Published on tvnz.co.nz on 26/09/2019
Dad prosecuted for beating dog with bat, leaving its eye a ‘bloody pulp’, after child attacked
After a seven-year-old girl was rushed to hospital upon being bitten by a dog badly enough that she needed surgery, her dad took a baseball bat and hit the dog multiple times – rupturing the animal’s eye.
Sean Landy, who pleaded guilty at an earlier appearance, was yesterday sentenced in the Porirua District Court to five months of community detention and ordered to pay a $1000 fine to SPCA, and a contribution of $150 towards legal costs.
On November 26, 2017, Mr Landy left his daughter in the care of friends who were also looking after Patch – a male Staffordshire bull terrier – for another friend. Patch was chained up at the rear of the property.
About half an hour into the visit, Mr Landy received a phone call from his friends, telling him that Patch had bitten his daughter on the lips. He drove straight back, and took an aluminium baseball bat from his car and went straight to where Patch was chained up.
He hit Patch four times on the head with the bat, which caused Patch’s left eye to rupture, the SPCA said in a statement today. He then took his daughter to hospital. She was admitted overnight for surgery on her lips and also had claw marks on her leg and arm.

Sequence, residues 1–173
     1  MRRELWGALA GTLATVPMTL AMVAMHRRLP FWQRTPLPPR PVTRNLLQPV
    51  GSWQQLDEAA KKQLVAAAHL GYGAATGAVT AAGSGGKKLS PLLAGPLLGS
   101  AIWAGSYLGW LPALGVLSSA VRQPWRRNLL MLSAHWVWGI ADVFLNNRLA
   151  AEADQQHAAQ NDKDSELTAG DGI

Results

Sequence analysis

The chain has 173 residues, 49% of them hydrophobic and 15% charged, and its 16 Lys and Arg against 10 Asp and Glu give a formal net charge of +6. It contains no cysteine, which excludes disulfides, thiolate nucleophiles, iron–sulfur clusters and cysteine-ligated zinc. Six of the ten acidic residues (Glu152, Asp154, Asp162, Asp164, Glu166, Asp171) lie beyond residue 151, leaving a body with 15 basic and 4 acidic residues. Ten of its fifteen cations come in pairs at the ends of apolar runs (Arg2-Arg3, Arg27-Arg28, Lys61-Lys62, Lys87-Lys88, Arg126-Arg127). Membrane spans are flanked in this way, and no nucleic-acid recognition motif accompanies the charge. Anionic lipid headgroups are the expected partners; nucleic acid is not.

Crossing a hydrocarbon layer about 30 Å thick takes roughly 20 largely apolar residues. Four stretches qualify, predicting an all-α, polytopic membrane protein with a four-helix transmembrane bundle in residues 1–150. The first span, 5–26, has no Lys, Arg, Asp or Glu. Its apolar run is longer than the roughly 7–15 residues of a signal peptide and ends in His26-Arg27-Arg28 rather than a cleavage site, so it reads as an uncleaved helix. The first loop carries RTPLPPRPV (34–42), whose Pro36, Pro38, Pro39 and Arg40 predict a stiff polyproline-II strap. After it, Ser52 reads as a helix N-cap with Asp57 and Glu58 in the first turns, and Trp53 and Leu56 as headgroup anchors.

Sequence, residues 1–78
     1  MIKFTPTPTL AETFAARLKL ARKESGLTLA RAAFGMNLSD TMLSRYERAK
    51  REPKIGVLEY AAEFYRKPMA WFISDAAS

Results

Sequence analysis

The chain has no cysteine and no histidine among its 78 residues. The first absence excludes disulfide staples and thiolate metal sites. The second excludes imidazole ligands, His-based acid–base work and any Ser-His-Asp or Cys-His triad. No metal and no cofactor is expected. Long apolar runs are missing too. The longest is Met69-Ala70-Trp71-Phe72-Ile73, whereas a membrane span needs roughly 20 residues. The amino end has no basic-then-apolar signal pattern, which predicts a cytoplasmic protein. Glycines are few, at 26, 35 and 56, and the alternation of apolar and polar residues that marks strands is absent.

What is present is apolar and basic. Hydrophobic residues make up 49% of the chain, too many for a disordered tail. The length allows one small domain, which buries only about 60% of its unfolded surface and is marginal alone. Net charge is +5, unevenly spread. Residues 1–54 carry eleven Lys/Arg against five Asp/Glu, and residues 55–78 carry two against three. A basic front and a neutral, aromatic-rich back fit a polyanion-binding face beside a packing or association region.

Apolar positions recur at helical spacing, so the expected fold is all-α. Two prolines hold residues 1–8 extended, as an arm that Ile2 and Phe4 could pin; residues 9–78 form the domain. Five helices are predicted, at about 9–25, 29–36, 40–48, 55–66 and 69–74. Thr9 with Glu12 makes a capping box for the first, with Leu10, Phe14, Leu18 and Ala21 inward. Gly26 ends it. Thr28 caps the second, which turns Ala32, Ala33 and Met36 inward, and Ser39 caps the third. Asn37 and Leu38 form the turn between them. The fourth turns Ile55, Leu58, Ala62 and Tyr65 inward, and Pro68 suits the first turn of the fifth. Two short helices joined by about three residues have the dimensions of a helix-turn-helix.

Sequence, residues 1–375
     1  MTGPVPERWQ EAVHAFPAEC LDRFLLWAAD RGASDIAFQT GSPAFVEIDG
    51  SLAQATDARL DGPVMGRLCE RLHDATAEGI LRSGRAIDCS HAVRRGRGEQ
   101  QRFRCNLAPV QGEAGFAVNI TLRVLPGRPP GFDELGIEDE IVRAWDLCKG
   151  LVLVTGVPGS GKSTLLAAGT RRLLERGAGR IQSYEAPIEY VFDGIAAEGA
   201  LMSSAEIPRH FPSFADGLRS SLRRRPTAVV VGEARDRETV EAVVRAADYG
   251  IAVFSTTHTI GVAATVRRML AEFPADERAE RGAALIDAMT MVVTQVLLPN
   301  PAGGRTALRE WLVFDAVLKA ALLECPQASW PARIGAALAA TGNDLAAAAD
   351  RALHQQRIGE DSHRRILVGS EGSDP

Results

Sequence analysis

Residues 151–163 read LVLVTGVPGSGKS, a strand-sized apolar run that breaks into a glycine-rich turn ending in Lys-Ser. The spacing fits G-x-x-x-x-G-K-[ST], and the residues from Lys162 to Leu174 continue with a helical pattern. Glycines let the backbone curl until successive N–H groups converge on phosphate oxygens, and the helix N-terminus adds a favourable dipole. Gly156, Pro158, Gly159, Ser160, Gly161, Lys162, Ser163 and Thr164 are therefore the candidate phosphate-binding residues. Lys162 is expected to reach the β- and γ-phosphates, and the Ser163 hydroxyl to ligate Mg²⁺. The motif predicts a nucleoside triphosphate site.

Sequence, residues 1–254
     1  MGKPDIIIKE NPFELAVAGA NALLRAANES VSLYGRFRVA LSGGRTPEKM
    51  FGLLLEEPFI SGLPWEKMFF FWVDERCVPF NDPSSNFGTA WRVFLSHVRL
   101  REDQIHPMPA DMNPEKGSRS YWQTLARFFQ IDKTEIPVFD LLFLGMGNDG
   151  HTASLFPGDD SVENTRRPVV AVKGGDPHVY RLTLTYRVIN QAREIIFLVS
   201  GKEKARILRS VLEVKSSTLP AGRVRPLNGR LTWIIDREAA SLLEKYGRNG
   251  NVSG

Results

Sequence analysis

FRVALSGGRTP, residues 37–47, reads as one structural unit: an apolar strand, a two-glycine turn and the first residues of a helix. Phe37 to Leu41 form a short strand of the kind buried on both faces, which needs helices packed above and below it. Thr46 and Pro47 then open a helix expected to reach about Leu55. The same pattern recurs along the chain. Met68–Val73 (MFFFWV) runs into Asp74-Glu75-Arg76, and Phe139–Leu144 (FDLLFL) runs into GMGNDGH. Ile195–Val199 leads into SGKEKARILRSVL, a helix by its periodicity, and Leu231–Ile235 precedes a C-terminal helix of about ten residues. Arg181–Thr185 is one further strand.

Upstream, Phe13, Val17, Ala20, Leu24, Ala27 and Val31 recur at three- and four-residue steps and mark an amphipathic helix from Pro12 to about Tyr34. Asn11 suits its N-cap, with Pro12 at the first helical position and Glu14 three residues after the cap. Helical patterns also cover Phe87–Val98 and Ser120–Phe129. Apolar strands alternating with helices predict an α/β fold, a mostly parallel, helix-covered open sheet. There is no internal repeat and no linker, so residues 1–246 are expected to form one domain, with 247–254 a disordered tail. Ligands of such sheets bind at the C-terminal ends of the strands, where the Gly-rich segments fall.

Mr Landy said that he regretted his actions, that he was “seeing red” and he wanted Patch to feel pain like his daughter had. He admitted to hitting Patch pretty hard because he did not want Patch to be put down nicely, but he did not intend on killing him.
Patch’s owners took him to an after-hours’ veterinarian clinic where the vet found Patch’s left eye was severely damaged, to the point of being a bloody pulp. The vet said Patch would have suffered a great deal of pain as a result of the beating.
The dog’s owners elected to have him euthanised as they did not want to risk him attacking someone else.
SPCA chief executive Andrea Midgen said the case was a reminder that children’s interactions with dogs should always be supervised.
“It is important that parents and caregivers educate their children about how to behave around dogs,” she said. “Feelings were clearly running high, but violence towards animals is never okay.”
Ms Midgen said the SPCA sympathises with the victims of dog bites and acknowledges that dog attacks are a major societal problem that require a serious and effective long-term solution.
“But beating an animal blind in a violent manner is horrific and absolutely not the answer to this issue.”